Violets are spreading through large sections of my lawn. I’ve tried numerous chemical control products, but none has made any impact on the violet leaves. Any suggestions? — P.Q., Wilmington, VT
Violets, both perennial and annual, are difficult to eliminate once they become established in a lawn. Not only do they spread vigorously by seed and rhizomes, but they have waxy leaves that tend to shed any herbicide. They grow well even in shady conditions and are drought tolerant once established.
If you apply chemicals, avoid general herbicides (such as Roundup) that will kill everything they come into contact with. Look for formulations containing triclopyr, which has reportedly been effective, although repeated applications are needed. Use spot treatments that target only the violets themselves, and add a formulation containing a “spreader-sticker” for better leaf contact. Violets are most susceptible to chemical control in springtime when they are flowering.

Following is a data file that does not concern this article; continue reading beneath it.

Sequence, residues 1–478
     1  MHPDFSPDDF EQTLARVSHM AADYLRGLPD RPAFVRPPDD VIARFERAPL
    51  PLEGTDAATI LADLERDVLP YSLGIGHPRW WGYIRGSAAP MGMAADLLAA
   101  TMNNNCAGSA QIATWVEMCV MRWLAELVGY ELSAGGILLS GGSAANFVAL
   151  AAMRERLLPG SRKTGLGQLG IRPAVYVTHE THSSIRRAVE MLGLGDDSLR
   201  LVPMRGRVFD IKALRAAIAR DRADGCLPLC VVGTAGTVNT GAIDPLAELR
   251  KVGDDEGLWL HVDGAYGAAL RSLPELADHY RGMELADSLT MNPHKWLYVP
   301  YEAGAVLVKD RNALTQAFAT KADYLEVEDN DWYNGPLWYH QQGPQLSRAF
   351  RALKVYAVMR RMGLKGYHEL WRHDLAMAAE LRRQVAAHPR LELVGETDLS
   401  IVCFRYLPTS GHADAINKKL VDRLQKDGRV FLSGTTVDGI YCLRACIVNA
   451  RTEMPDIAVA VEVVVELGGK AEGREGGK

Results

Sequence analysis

One organic alternative would be to dig out the plants by hand, making sure you remove all the runners as well. You’ll need to repeat the process as new plants appear, but over time your persistence will be effective. Another option is to let nature take its course and simply enjoy the violets. They’re an attractive ground cover that looks good all summer, and they grow so densely that they choke out competing weeds.